Arrival Date to Cargo: June 4, 2011
Had a career in team roping in his younger years.
Survived an F5 tornado
Has a tick. It shows itself more on windy days. He will bob his head and blink his eyes in rhythm.
He holds his foot up when he eats. He will hover it above his feed pan and switch feet every few moments. It looks as if he is dancing.
He looks like a Basilisk when he is angry (Harry Potter fans will get it). This is probably why his name was "Snake" when we picked him up.
He is one of the three "Tornado Boys." His story and calm demeanor land him "speaking gigs" with various Cargo staff members.
Almost lost his eye due to a traumatic injury he received in a storm.
Quinn. If we had an award for the biggest change of character since arrival, it would go to this beautiful palomino. Since we picked him up after surviving an F5 tornado, he has grown from a hesitant, distant, uninterest, and barely tolerant horse, to a willing, playful, gentle, and truly unparalleled partner. He is a steady counselor to any child (or adult) that needs time to stand in the quiet with a brush in hand.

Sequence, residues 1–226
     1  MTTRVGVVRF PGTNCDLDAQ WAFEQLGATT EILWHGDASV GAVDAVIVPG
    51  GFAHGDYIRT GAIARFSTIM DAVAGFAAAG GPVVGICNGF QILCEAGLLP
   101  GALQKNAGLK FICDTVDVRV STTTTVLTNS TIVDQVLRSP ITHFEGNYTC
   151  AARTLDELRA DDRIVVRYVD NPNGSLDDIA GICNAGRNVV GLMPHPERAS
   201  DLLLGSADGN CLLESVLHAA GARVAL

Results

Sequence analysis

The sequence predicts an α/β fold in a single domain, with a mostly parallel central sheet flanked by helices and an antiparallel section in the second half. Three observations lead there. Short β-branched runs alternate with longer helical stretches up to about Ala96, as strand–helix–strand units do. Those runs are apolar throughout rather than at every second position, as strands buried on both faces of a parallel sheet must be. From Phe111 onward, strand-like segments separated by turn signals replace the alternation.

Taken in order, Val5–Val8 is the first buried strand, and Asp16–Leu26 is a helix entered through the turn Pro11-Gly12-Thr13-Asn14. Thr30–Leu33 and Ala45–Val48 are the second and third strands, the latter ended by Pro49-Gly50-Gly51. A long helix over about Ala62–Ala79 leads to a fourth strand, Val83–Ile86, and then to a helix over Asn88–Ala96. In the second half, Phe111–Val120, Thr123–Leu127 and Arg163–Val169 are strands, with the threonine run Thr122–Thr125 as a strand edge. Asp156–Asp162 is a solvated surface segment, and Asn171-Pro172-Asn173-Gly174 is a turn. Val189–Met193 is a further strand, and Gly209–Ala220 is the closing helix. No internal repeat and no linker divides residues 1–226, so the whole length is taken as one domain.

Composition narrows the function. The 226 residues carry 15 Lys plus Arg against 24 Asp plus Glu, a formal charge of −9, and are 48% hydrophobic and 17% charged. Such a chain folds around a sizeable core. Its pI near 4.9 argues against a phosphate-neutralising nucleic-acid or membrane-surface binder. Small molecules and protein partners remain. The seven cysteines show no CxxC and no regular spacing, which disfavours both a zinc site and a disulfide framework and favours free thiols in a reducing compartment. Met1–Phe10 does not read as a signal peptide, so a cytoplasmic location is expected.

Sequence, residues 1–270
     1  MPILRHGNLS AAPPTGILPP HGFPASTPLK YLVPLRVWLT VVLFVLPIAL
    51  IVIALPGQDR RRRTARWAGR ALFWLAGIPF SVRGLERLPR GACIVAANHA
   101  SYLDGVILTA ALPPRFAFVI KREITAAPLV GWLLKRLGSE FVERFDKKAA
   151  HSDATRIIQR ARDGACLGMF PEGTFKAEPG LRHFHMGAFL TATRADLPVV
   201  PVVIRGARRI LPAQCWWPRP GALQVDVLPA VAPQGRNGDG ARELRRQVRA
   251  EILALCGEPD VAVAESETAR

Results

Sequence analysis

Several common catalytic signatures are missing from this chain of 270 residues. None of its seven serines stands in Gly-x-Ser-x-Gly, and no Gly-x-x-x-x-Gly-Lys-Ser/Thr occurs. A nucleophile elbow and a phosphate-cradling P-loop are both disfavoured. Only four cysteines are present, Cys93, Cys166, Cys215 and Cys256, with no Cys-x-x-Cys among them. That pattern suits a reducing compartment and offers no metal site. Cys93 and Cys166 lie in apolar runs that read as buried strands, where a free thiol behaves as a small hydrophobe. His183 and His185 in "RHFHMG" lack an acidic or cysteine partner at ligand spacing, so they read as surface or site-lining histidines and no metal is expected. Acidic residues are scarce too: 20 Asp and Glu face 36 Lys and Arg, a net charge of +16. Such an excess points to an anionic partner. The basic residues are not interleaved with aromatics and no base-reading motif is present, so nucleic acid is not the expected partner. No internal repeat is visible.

Quinn spent the first half of his life as a team roping horse. With obvious signs of harsh handling, he had settled it in his mind that he had a job to perform well or risk being punished for a bad performance. After arriving at Cargo, he was given such a long break to completely heal from his storm wounds, that when he started back to riding, we never even let him run. All he knew was running, mostly because of fear. We didn't break a walk for months. With a calmness and patience like never before, he began a new job. He chose to participate in a new opportunity with people. He would ferry kids around, something that he is excellent at. He no longer races forward in his performances but understands the value of slow and steady. He reminds us that "forward is forward." We can all choose to step in that direction with grace and confidence, making the best of the lives we are given.